Amid the urgency of action to tackle climate change, the issue of biodiversity collapse can easily get lost. In the UK and most countries across the world, biodiversity is declining at an alarming rate, yet understanding of the correlation between climate change and biodiversity loss is lacking.
We must see the climate and biodiversity crises as equally important and interconnected issues; indeed, nature actually has a vital role to play in the fight against climate change, from nature-based solutions which absorb carbon, to our natural capital being understood and appreciated as an economic asset, as stated in the landmark Dasgupta Review.
Alongside helping to tackle climate change, the natural environment provides numerous benefits which are all too often taken for granted. These include improved mental wellbeing, healthier lifestyles and cleaner air, some of which have been more important than ever during the COVID pandemic.
A survey as part of new research from WSP and thinktank Bright Blue, entitled ‘Nature Positive?’, showed the vast majority of people valued the mental wellbeing and improved physical wellbeing benefits of nature, and there was strong support for existing domestic Government policies to protect and enhance the natural environment.
Though, when asked about where responsibility lay for the UK’s natural environment, there was a disconnect. Despite expected responsibility for government being high, only a third (32%) of those surveyed believed that local authorities were doing enough to protect and enhance the natural environment in the UK. This fell to just over a quarter (28%) for central Government.
The question of who is responsible for nature in the UK is not easily answered. It is surely the responsibility of us all: government, businesses and individuals, we can all play a role, though government and business have great opportunity to effect real change.
Our research shows that the public recognise that there is a clear role for government and they believe more needs to be done, making the existing cross-party support for addressing climate change and biodiversity most welcome.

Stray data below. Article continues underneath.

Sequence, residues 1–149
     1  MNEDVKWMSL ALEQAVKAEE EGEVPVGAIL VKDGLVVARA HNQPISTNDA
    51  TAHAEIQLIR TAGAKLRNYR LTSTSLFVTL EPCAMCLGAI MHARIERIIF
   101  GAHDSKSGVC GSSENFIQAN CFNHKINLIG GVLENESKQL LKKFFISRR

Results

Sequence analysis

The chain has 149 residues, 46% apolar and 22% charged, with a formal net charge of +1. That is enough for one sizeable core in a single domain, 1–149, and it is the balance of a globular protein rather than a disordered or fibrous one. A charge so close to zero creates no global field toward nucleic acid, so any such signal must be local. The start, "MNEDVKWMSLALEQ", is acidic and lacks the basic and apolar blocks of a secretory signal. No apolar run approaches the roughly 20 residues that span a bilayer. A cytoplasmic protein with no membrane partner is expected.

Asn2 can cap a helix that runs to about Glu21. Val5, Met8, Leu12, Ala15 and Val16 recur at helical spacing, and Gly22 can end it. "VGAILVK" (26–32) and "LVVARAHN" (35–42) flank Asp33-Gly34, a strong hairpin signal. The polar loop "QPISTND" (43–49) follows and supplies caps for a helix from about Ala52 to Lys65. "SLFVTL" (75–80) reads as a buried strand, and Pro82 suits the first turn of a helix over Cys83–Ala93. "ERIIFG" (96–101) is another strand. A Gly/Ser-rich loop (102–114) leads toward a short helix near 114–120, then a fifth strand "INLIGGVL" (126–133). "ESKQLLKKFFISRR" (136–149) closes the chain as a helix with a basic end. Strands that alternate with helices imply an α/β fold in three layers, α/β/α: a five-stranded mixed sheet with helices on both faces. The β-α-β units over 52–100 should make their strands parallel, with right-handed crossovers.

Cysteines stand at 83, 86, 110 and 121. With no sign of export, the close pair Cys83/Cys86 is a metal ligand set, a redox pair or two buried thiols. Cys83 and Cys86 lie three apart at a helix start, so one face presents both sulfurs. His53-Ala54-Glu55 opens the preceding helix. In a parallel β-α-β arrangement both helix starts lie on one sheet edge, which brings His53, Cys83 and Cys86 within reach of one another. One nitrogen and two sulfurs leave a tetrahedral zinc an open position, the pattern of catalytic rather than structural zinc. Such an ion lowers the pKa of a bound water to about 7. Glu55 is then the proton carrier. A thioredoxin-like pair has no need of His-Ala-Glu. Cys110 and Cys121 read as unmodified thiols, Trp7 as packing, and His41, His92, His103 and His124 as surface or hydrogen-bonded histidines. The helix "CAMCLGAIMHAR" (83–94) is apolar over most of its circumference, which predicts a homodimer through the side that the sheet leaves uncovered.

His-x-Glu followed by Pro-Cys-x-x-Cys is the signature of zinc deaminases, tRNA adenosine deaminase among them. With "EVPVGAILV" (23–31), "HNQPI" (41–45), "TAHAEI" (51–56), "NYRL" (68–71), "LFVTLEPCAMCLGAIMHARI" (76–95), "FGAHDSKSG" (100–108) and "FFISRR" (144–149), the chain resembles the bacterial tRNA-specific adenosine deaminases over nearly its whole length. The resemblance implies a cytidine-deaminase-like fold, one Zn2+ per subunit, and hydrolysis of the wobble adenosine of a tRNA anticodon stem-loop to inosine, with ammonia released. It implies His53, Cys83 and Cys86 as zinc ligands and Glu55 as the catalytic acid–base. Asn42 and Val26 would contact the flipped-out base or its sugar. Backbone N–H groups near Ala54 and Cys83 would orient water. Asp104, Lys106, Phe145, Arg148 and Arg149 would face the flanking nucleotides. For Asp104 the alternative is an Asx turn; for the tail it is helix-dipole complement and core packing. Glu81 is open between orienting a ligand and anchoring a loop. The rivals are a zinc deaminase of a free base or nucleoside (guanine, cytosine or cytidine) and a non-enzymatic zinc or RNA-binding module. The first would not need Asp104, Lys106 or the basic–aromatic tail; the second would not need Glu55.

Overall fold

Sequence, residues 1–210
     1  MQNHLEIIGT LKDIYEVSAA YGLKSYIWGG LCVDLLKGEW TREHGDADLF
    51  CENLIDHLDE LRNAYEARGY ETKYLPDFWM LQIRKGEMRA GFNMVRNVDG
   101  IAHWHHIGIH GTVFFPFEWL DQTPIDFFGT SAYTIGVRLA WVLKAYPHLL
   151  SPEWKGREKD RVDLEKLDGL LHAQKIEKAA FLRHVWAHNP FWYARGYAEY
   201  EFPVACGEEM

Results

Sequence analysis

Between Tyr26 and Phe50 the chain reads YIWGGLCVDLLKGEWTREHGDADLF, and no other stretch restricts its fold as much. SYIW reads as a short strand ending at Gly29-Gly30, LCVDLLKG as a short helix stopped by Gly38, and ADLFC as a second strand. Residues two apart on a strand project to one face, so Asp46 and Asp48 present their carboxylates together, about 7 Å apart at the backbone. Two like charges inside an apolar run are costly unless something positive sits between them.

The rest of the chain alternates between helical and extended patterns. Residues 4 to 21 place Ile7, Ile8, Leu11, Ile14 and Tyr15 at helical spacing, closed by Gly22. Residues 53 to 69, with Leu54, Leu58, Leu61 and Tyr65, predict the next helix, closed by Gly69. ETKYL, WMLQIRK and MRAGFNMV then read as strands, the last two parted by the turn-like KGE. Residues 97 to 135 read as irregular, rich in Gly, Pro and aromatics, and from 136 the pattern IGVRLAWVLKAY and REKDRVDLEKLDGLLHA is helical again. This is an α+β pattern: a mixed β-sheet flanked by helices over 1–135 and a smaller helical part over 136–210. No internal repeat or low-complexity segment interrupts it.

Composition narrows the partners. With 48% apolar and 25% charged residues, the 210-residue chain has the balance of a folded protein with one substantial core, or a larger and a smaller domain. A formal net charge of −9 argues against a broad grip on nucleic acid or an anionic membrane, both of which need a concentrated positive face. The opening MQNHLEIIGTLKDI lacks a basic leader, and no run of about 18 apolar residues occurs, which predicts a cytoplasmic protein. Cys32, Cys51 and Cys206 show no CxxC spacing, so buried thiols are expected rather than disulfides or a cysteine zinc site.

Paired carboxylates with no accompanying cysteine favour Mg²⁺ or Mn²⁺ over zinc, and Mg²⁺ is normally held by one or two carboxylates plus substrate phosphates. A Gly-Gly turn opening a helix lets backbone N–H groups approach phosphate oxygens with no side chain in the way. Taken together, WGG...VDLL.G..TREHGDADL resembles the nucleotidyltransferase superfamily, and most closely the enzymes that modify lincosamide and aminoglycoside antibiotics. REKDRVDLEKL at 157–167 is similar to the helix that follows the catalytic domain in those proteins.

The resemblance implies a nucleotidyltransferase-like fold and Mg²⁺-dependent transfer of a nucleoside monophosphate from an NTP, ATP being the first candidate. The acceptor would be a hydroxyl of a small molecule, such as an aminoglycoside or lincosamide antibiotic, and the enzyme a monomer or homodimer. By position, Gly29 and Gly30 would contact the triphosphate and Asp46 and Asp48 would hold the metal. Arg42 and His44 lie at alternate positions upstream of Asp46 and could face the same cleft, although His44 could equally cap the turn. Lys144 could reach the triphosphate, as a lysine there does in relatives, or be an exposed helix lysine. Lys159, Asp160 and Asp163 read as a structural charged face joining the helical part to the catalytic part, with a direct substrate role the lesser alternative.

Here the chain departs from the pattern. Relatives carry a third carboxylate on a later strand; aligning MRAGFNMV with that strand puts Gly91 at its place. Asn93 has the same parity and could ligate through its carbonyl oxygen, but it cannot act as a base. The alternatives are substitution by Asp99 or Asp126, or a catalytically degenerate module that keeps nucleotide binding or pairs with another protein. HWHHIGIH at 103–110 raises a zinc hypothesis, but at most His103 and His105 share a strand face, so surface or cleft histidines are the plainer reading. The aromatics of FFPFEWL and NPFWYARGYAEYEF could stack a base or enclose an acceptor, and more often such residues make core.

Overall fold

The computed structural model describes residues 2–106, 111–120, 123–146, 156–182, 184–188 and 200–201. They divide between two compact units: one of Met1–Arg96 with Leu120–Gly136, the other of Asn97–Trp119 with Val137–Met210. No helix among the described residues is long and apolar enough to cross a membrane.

The Environment Bill is certainly ambitious and the over 100 initial amendments to the Bill from the Lords shows even more appetite to protect nature. However, key commitments from the Government such as the 2030 target to reverse species decline do not spare us much time to drive this forward. Indeed, the welcome addition of Biodiversity Net Gain for Nationally Significant Infrastructure Projects will not be mandatory until nearly 2024, giving us only six years until the 2030 target.
Our research showed that people believe businesses have a low expected and low actual responsibility to protect and enhance nature. This was a surprising outcome as be it through corporate policies or the land business own and manage, organisations across a diverse range of sectors have significant impact on biodiversity but also real power to deliver positive benefits for the natural environment. Importantly, they have the opportunity to involve their employees and local communities in that process.
Government at all levels must ensure that all businesses report and disclose their impact on biodiversity in line with the draft targets for the Convention on Biological Diversity, due to be finalised early next year. This ambition will be supported by the Taskforce on Financial Disclosure for Nature and the UK Government has an opportunity to lead by ensuring all large businesses start reporting on their impacts and dependencies on nature.
This will make our businesses more transparent, increase their resilience to market shocks and change, and result in benefits for people and wildlife.
Of course, individuals and communities across the country also have a vital role to play in supporting a positive future for our natural environment, and I firmly believe it is the responsibility of both government and businesses to work with communities to make sure that the benefits we receive from nature are available to everyone, and not just those who can afford it.
All elements of our society have a role to play in reversing biodiversity decline in the UK and internationally, and to work with nature to help tackle climate change – not see them as two different issues. It is only through coordinated and swift action that we will be able to make a real difference and restore the habitats and ecosystems we are all ultimately reliant upon.
Join WSP and Bright Blue at 8am on Monday 4 October during the Conservative Party Conference for a panel discussion on public attitudes towards nature and biodiversity in the UK.
Tom Butterworth is UK Deputy Head of Ecology at WSP, the world’s largest environmental consultancy
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